Science writer and author of Fire Up Your Writing Brain: How to Use Proven Neuroscience to Become a More Creative, Productive, and Successful Writer, Susan Reynolds will tell you what you need to know to maximize your brainpower while prepping to write and writing. Offering insights into neuroscience and specific, practical tips a memoirist needs, Susan will walk you through the latest research, elucidating the interplay of storytelling and neuroscience, and how these breakthroughs can help you craft more fully developed memoirs that sell. The focus will be on new, easy-to-understand information with practical applications, designed to help your brain spark creativity and craft your best work. Specific topics include:

• 5 Things you need to know about your brain and writing
• 5 ways to crystalize your intelligence around writing
• If you’re a top or bottom brain writer—and why it matters
• How to boost creativity by mining metaphors and language
• Clever ways to tap into your memory reserves and maximize emotional impact

Join us for this fascinating, groundbreaking seminar and come away with practical ways to boost your brainpower and maximize your writing genius.
Susan Reynolds has authored or edited 45+ nonfiction and fiction books. Recently, she co-authored Train Your Brain to Get Happy, Train Your Brain to Get Rich, and Meditation for Moms. She was the creator and editor of the My Hero anthology series (Teacher, Mom, Dad, Dog), and Woodstock Revisited, 50 far out, groovy, peace-inducing, flashback-inducing stories from those who were there. Ms. Reynolds also edits GRAND Magazine (an online magazine), blogs on Psychologytoday.com, and judges annual writing contests for Writer’s Digest. She is currently writing a novel based on a year she spent living in Paris.

Susan’s Amazon Author Page.
http://www.literarycottage.com
http://www.fireupyourwritingbrain.com

 

DeSalvo_Louise
How to Get at What’s Not There
Louise DeSalvo

11 am PST  12 pm MST  1 pm CST  2 pm EST

Writing a memoir is a long journey—you know that, but what are the marking points on that journey? One of them is beginning your stories, setting some words down as your memories whisper in your ear. As your stories evolve, you’re searching for the threads of truth that you want to write about, and you are searching for your voice—an ineffable quality that is hard to define. In writing memoir, it takes a long time to figure out what the story is really about and how to tell it. The key to finding out what your story is trying to become is right on the page if we know how to look for it. Figuring out what’s not yet there and determining how to put that on the page is guaranteed to transform your work.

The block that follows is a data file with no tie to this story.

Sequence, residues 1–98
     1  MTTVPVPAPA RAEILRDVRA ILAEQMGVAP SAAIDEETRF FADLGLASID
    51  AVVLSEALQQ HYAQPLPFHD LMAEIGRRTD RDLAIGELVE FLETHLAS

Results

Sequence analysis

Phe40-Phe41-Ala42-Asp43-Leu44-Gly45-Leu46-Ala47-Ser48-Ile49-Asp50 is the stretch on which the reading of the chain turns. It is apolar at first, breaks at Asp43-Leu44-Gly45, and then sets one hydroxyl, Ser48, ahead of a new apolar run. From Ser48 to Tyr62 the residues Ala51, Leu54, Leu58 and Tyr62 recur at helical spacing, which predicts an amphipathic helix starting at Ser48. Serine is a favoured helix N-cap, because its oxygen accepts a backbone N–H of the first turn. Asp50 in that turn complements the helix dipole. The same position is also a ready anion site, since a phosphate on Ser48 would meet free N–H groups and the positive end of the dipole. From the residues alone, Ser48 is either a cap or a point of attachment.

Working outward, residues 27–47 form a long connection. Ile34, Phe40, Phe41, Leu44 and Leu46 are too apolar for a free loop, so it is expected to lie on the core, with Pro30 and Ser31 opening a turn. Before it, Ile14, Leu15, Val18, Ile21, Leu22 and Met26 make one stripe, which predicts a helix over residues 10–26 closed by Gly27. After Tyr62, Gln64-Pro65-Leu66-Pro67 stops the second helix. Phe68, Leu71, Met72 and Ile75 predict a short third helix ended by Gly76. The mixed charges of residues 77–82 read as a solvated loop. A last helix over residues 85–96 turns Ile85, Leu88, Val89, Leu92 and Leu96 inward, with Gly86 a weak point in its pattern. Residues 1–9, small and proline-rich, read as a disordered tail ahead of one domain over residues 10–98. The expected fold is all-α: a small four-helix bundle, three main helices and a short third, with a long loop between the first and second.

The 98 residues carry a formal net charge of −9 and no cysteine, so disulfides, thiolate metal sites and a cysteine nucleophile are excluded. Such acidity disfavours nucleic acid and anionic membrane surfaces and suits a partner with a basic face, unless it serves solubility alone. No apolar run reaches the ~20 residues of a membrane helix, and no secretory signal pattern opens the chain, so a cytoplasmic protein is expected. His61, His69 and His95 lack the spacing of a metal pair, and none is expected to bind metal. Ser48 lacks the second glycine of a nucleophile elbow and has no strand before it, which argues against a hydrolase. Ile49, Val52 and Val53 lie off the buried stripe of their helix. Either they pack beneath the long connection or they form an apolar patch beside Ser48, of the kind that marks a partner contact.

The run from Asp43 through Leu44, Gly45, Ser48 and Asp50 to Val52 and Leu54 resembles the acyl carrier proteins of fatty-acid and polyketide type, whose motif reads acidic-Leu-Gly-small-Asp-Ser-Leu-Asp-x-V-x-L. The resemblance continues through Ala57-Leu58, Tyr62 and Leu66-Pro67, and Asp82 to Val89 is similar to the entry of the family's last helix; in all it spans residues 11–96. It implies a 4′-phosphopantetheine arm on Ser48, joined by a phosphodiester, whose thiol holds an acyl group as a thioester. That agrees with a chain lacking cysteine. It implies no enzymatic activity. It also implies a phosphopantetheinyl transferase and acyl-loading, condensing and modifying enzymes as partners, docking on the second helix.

As a result of our conversation, we will:

• Talk about how Louise has crafted her memoirs, and how she has lost and found the threads of her story
• Learn how to identify the “hole” in our narratives
• Discover how reflecting upon what’s not yet there will deepen your work
• Discuss techniques to incorporate our new found insights into your work
• How challenges in writing your memoir can strengthen your ability to keep going and finish your book

Louise DeSalvo is the Jenny Hunter Endowed Scholar for Literature and Creative Writing at Hunter College where she teaches memoir to undergraduates. She has published five memoirs, among them, the award-winning Vertigo and two
books about the writing process, Writing as a Way of Healing: How Telling Our Stories Transforms Our Lives and, most recently, The Art of Slow Writing: Reflections on Time, Craft, and Creativity. She has been studying and writing
about the writing process of famous writers for forty years. Her new book Chasing Ghosts: A Memoir of a Father, Gone to War was released Oct. 1.
Website:  www.writingalife.wordpress.com

JordLeaning crop

Digging Deep into Plot and Scene to Write a Great Memoir
Jordan Rosenfeld and Martha Alderson

12 pm PST  1 pm MST  2 pm CST  3 pm EST

To write a successful and powerful memoir, you need to build your craft skills. Some writers don’t know that learning craft helps to create a more powerful voice and helps you the writer to reveal your story in a deeper way. This presentation by two talented and powerful authors and teachers, Jordan Rosenfeld and Martha Alderson, you will dig deeper into your story and expand your skills. Remember, finding your truth happens through the process of writing. The better you can write your scenes and develop your plot, the more truth you can tell that will transform your life and resonate with your readers.